Board game review El Reg contributor Adam Fowler brings to these pages the first in what may become a series of board game reviews. Here, Adam dices with furry beasts in One Night Ultimate Werewolf. Watch out!
I've always loved card and board games. Growing up, when I wasn't glued to a computer of some sort, I'd play for hours with my Grandmother (who I have a feeling may have let me win sometimes). It may have been Canasta, or some wacky op-shop card game like Snafooey, but I enjoyed the experience so much. Part of the fun was the problem solving element, and the other part was interacting and spending time with the person I was playing the game with.
Fast forward 20 years or so, and I'm still making the time to play physical games. Working out puzzles and tactics is still a part of what draws me to sitting down at a table, but more so, it’s the interactions with the other players. Seeing what you can get away with, and how the person sitting across the table to you reacts under different scenarios is what fascinates me. It's a peek into seeing how other people’s brains tick ... and commonly, it moves on to manipulating those ways to win the game.
One Night Ultimate Werewolf
Do you like accusing others of lying? How about making up stories yourself, with the hope that nobody catches you out? What about playing a game in 10 minutes, beginning to end, while squeezing in a nap?
One Night Ultimate Werewolf, recently released by Bezier Games, could be just right for you. It's a different take on an older set of games known as Werewolf or Mafia, where there are two teams of people attempting to find the hairy-faced lycanthropes in the group.
This is the sort of game that anyone can be told how to play two minutes before jumping right in. That said, it will take several attempts to really understand what is going on. I have a lot of respect for games like this, as people generally don't want to listen to several minutes of being told what to do – they just want to get on with it. Do you know what's really fun? Lying through your teeth to win the game. Immediately after, the whole table of opponents erupts when they find out you were full of it the entire time.
One Night Ultimate Werewolf is not your standard game. In fact, there's almost no game to compare it to. Instead, it sets a scene and relies on the players to make the game themselves. Don't worry, this isn't like Dungeons and Dragons where you can pretend to be an angry half-dwarf with a thirst for looting corpses. No, instead you're given a single simple role.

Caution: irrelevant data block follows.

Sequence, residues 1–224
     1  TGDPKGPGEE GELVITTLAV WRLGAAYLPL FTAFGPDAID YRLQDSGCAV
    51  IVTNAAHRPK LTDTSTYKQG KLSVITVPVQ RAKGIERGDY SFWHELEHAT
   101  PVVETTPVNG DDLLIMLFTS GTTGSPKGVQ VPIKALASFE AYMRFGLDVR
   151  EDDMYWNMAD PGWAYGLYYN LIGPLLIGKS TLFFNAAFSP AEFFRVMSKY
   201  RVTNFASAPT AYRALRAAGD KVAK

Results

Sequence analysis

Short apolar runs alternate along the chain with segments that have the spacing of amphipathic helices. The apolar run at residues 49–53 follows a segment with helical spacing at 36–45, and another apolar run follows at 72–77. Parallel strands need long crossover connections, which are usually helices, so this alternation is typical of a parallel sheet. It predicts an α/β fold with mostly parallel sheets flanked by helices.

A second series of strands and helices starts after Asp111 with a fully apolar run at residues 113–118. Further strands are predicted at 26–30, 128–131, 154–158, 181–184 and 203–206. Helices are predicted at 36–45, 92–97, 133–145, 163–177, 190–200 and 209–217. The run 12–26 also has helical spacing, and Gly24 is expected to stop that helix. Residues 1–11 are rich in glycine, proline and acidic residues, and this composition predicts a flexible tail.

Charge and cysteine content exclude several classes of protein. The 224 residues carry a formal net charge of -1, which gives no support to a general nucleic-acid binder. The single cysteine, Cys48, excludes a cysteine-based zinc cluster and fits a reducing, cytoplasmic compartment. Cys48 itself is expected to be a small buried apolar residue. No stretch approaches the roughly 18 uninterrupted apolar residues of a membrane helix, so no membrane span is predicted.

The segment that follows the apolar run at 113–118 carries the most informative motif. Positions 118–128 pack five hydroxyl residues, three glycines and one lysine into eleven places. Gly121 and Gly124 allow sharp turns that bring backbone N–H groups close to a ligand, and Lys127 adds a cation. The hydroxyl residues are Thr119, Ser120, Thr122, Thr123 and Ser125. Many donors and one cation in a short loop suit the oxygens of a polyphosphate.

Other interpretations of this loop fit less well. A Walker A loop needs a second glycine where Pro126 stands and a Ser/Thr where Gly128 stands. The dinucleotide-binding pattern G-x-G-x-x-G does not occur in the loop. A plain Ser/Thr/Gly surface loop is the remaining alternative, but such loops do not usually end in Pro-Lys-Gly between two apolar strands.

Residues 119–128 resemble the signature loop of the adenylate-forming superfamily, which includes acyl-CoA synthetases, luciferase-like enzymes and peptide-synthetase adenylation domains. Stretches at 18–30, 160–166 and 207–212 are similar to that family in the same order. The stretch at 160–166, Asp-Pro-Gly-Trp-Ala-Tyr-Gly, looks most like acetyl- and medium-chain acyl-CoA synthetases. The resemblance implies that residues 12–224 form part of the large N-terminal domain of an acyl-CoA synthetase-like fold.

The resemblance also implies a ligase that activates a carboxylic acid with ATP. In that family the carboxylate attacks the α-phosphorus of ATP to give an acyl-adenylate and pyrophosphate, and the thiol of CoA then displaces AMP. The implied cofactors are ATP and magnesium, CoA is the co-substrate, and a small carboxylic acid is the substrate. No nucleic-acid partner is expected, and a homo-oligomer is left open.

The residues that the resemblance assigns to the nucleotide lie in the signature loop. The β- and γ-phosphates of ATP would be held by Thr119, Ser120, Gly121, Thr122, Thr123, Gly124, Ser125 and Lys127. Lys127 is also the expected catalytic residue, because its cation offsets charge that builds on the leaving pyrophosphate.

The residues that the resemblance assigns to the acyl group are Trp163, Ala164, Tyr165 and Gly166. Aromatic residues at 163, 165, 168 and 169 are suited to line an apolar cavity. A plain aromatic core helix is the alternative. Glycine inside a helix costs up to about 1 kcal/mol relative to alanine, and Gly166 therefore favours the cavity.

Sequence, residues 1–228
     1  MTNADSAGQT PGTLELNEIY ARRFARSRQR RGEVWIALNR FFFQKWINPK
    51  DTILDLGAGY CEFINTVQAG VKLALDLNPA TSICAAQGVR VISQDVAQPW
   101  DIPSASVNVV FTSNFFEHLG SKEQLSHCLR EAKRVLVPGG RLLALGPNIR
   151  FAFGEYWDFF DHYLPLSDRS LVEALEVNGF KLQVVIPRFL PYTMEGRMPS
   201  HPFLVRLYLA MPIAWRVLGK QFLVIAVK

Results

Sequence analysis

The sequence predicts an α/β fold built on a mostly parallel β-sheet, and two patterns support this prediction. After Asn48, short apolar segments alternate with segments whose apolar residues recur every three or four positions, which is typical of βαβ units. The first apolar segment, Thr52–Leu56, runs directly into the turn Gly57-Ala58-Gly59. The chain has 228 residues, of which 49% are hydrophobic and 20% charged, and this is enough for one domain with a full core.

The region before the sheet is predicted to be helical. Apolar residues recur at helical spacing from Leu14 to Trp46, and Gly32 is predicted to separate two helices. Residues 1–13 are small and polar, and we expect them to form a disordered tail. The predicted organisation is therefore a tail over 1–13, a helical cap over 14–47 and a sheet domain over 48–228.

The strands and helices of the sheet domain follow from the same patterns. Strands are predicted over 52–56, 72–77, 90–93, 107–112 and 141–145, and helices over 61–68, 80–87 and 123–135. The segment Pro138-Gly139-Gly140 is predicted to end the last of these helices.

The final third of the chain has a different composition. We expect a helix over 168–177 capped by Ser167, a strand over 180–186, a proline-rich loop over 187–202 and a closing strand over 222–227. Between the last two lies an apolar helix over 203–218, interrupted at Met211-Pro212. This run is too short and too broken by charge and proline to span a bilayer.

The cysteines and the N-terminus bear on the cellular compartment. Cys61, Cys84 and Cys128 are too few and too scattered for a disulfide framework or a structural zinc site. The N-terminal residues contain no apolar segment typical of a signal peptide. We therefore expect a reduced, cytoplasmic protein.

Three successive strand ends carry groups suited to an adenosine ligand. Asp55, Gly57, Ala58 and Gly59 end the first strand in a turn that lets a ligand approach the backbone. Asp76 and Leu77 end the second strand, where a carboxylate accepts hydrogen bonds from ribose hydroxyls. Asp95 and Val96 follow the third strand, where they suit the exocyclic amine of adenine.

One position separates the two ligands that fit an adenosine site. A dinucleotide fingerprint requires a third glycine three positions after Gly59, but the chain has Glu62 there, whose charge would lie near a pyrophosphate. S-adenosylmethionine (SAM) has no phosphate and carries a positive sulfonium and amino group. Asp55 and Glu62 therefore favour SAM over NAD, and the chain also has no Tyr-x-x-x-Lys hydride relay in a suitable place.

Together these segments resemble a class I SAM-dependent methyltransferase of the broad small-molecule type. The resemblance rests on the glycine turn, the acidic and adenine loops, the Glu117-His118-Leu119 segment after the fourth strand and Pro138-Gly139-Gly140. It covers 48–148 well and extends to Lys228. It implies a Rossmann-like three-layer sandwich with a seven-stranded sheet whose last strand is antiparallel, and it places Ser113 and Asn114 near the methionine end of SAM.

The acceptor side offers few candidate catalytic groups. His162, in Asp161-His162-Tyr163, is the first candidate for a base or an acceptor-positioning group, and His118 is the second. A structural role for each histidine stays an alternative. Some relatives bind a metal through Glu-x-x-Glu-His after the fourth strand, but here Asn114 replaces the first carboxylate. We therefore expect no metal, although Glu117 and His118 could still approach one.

You play as either an innocent villager (with some exceptions) who just wants all the other villagers to survive, or a werewolf who wants all the other werewolves to survive. We can all relate to wanting to survive, so it's not a huge stretch of the imagination.
As it happens, though, werewolves eat villagers to survive. Not great for the villagers, so they decide to lynch someone in their town, believing them to be a werewolf. There might be a few hints as to who is a werewolf, but since everyone looks like an innocent villager going about their business, some detective work is required to hunt them down and give them a good flogging.
This all works by being given a single card that shows your role. There are also three extra cards placed in the middle that offers hints as to what role each player may have been dealt. The game is then played in two phases – night and day.
During the night, everyone closes their eyes. Then, one by one, each role is called upon (by either a moderator, or running a smartphone app) to do their job while all others keep their eyes closed.
Werewolves just get to look at each other, so they know who the fellow werewolves are. The seer gets to look at someone else's card. The robber swaps cards with someone else, then looks at their new role.
The troublemaker swaps two other cards without looking. Once action for all the various roles have occurred, the village wakes up. Which means it's time to kill a werewolf.